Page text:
2. Document conceptual, procedural, and reference information as information maps that diagrammatically describe the information.
  3. Develop Dictional Style Sheets (DSS) that render the information maps into textual, visual, or even multimedia deliverables. (For textual DSS, additional transformation via CSS and such continues as in B above).

Simple Example


“The door-open chime sounds and the door-open dashboard light illuminates when a door is ajar while the key is in the ignition.”

Information Map of Objects and Relationships

COND:[(OBJ:car-door:any)open AND (OBJ:key)inserted]
RES:[(OBJ:door-chime)on AND (OBJ:door-dash-light)on]

COND:[(OBJ:car-door:any)closed AND [ (OBJ:key)inserted OR (OBJ:key)removed] ]
RES:[(OBJ:door-chime)off AND (OBJ:door-dash-light)off]

REL:alert-types(OBJ:door-chime, OBJ:door-dash-light, …)


[Magic happens here. LOTS of object:style mappings, but only need to be done once for each dictional output. Free translation; free infographics; free texts: all from running the information maps through DSSs and then output generators that can handle the renders. A tiny example:]

OBJ:key == “ignition key” | singular-only |


Conceptual Contexts

“The door-open chime sounds and the door-open dashboard light illuminates when a door is ajar while the key is in the ignition.”

“When the door is closed, the door-open chime does not sound and the door-open dashboard light does not illuminate, regardless of whether the key is in the ignition or not.”

Procedural Contexts

“To test the door-open chime and the door-open dashboard light, insert the ignition key into the ignition switch and open a door.”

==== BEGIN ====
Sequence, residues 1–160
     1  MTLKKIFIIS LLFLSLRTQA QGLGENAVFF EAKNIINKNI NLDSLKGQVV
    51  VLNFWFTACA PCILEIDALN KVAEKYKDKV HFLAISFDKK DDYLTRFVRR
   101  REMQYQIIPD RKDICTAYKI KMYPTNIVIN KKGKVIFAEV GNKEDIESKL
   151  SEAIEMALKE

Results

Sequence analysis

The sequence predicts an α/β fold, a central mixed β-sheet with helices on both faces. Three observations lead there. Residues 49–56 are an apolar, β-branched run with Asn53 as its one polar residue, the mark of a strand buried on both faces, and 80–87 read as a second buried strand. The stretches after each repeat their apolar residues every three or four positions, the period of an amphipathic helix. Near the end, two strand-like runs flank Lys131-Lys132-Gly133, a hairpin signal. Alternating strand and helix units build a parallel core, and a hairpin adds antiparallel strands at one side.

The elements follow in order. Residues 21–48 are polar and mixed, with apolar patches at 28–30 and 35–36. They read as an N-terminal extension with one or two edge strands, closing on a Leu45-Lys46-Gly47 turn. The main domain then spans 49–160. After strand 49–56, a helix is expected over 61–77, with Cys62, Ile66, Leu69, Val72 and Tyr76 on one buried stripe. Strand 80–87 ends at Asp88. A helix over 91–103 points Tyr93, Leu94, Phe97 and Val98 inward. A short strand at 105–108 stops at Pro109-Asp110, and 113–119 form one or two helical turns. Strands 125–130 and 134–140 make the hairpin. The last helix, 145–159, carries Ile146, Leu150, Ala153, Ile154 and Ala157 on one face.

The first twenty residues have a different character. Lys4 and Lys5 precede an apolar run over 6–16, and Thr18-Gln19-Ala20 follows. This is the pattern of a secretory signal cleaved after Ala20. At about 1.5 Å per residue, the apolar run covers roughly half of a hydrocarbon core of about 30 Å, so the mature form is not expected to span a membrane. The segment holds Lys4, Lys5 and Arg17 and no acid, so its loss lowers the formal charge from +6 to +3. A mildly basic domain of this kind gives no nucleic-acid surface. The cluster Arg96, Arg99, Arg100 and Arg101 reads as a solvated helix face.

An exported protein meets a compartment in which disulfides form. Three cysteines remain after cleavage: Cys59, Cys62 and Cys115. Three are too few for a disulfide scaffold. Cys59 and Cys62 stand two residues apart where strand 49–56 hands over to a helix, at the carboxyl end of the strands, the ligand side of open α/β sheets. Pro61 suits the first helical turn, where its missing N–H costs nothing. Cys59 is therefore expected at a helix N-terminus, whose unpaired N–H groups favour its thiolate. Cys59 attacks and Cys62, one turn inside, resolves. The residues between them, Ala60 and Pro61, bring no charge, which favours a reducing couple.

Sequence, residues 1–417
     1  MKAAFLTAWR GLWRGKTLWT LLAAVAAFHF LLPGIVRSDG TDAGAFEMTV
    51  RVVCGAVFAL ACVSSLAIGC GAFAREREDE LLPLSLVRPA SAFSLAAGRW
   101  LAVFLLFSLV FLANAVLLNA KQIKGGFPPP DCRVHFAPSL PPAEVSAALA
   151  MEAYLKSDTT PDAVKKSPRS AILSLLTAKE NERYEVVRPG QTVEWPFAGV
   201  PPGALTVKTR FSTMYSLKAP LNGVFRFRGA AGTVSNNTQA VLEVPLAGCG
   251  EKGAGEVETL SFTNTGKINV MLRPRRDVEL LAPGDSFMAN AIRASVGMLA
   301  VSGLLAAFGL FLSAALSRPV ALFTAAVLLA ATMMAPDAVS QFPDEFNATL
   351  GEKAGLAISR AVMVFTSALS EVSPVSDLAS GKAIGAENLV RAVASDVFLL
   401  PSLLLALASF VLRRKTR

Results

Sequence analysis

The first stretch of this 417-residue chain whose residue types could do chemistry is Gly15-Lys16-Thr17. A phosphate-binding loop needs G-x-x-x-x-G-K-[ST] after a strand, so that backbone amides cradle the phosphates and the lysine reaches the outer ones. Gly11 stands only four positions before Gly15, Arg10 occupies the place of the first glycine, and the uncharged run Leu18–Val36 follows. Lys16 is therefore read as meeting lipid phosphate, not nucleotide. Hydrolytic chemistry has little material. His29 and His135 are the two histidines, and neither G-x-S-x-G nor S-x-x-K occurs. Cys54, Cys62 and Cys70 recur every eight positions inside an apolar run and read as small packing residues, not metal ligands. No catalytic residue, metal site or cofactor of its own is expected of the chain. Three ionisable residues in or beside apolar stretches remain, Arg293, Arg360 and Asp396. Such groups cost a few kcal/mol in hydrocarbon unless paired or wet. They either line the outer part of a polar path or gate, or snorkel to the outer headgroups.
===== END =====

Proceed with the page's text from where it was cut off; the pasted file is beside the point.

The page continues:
Troubleshooting Contexts

“If the door-open chime is sounding and the door-open dashboard light is illuminated, one or more doors is ajar. You can stop the alerts by either closing the open door or by removing the key from the ignition.”


[You’d have graphics mapped to objects and relationships in the DSS that, when generated as output, show up like, say, an Ikea or LEGO manual. In fact, see Lego Digital Designer for a great model of a user interface for assembly mapping by sub-assemblies and stages.]

As you can tell if you’ve read this far, this isn’t a new idea: there are conlang folks who’ve thought about this stuff for decades, but not typically from the perspective of one:many translation (rather more like many:one ‘interfaces’ via written and/or spoke languages).

And I also just realized that many of the OBJ-REL information maps could be scraped straight out of software code! *headsplode*

Apr 212017

A live-action (AKA “boffer” or “combat” or “paintball”) role-playing (LARP) system that is designed to be highly modular and therefore customizable for different playstyles, character-power levels, and setting tones. Inspired by HERO System and other influences mentioned in the Credits.
Available only as a PDF due to being too long to easily use as a single web page: Download a print-ready version

May 242014

Memorial Day always puts me into an emotional conflict.

When does respect for honorable and dutiful sacrifice begin to sanction the ill wills and greed that required it? Do we have any more righteous wars left in us? Did we ever?

I find myself thinking that, just like Valentine’s Day, this is another shitty holiday. Love deserves more than one calendar entry, so surely pain and loss does as well. The men and women lost to an aggressive will are remembered daily by their loved ones; why, as a nation, can’t we find time enough every day to do the same?

And maybe, just maybe, in that remembrance decide that throwing more children into the meat grinder won’t work any better than it did millennia ago?

Memorial Day is aptly named. Remember why war is the ultimate failure of everything that makes us human.